Charlie Buttrey

June 6, 2018

62-year-old Exeter (N.H.) resident Robert Frese claims that the local police have been targeting him for years, and he decided he’d had enough. So he posted a comment online claiming that Exeter Police Chief William Shupe “covered up for a dirty cop.”

Ever mindful of the First Amendment’s protection of free speech, the Exeter police then arrested Frese and charged him with criminal defamation of character.

One word: Seriously?

The statute under which the charge was brought makes it a Class B misdemeanor when a person “purposely communicates to any person, orally or in writing, any information which he knows to be false and knows will tend to expose any other living person to public hatred, contempt or ridicule.”

I’m guessing this prosecution will never get off the ground. What was it that the U.S. Supreme Court wrote in the landmark defamation case of New York Times v. Sullivan? Ah yes: “[D]ebate on public issues should be uninhibited, robust, and wide-open,” and “may well include vehement, caustic, and sometimes unpleasantly sharp attacks on government and public officials.”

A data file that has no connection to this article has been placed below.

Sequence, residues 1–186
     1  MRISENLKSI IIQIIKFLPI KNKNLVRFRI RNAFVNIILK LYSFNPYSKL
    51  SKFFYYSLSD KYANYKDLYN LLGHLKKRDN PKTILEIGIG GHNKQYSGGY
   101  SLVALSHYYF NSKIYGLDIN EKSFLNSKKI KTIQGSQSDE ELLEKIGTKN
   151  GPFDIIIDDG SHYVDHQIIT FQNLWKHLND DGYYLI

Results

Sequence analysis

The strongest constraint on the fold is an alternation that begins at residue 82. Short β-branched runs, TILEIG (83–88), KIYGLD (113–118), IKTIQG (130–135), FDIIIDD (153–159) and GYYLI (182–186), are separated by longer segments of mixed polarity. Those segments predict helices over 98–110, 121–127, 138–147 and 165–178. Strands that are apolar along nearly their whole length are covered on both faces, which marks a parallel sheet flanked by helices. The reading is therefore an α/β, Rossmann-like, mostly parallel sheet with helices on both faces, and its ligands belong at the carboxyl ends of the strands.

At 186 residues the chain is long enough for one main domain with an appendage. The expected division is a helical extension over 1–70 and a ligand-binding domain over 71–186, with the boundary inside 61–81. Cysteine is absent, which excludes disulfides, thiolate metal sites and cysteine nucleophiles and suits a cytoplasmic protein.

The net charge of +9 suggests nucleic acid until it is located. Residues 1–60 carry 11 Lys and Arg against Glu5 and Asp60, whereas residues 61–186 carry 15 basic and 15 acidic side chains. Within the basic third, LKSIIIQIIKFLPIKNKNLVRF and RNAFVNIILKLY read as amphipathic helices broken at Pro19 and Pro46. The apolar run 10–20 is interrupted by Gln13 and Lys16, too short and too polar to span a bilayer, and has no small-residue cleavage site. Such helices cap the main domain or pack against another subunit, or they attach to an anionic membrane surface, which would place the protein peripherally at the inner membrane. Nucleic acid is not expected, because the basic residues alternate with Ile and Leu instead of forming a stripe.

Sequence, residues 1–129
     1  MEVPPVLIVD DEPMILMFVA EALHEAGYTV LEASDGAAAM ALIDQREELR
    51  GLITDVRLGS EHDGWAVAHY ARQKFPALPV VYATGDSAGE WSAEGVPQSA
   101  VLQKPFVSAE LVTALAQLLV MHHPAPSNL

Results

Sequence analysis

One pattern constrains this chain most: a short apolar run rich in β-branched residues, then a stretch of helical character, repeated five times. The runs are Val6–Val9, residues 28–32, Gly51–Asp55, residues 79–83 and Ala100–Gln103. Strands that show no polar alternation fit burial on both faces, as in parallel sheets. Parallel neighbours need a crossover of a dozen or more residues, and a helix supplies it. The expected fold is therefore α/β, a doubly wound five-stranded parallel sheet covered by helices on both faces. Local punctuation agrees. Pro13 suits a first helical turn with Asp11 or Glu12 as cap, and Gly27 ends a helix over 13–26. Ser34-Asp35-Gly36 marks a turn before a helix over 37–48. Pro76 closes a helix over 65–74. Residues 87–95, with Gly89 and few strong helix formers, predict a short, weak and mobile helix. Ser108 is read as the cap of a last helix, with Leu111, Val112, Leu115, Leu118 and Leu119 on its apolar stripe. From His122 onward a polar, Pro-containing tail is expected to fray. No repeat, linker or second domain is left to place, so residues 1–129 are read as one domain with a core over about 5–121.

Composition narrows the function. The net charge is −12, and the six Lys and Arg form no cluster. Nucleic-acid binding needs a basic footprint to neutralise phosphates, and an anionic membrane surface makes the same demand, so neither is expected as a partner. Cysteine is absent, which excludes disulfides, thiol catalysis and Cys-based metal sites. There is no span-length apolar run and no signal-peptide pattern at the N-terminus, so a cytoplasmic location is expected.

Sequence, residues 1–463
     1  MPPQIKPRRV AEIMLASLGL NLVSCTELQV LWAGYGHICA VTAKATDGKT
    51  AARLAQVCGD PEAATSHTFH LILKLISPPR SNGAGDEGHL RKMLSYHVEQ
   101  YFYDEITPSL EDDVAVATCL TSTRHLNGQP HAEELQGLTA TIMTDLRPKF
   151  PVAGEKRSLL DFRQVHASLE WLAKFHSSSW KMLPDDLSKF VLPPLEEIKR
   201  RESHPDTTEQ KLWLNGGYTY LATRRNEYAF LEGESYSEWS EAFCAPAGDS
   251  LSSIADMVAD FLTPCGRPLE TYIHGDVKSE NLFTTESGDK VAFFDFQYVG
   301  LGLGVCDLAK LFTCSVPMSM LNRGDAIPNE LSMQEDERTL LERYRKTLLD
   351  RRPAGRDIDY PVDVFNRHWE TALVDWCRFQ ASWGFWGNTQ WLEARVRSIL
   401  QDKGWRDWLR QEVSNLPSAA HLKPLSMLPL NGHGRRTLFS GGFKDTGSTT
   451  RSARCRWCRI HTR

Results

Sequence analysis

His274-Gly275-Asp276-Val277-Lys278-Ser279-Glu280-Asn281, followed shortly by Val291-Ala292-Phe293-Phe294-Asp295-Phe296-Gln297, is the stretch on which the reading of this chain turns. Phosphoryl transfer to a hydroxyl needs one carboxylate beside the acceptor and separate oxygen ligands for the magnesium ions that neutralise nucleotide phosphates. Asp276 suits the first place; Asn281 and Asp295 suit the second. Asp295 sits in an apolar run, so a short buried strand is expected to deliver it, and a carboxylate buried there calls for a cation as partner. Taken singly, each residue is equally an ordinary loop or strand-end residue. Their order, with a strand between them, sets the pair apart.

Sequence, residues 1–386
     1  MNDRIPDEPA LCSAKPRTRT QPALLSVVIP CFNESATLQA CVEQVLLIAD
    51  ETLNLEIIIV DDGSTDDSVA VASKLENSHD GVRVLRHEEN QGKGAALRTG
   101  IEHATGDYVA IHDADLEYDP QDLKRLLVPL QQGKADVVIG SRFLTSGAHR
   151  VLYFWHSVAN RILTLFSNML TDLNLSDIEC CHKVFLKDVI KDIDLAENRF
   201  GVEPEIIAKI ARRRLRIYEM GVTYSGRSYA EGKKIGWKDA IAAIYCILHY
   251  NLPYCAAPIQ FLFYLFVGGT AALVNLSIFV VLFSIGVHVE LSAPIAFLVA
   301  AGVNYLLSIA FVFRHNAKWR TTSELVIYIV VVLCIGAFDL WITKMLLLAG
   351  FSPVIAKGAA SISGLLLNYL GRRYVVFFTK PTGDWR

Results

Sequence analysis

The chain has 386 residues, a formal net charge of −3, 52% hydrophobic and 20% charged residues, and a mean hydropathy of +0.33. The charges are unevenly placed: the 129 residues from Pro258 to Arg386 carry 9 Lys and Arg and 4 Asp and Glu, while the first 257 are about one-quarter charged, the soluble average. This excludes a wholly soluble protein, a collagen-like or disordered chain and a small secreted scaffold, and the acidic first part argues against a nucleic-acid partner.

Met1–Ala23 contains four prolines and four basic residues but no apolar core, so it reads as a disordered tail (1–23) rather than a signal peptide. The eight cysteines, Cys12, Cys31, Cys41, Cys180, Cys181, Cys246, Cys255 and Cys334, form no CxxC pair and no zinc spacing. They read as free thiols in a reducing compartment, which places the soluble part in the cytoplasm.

Adds the New Hampshire chapter of the ACLU, “[e]ven in civil cases, public officials must meet a stringent standard in order to recover damages for defamatory statements. Allowing criminal prosecutions for such statements would give the government too much power to censor its critics, and would inevitably chill political speech lying at the heart of the First Amendment.”


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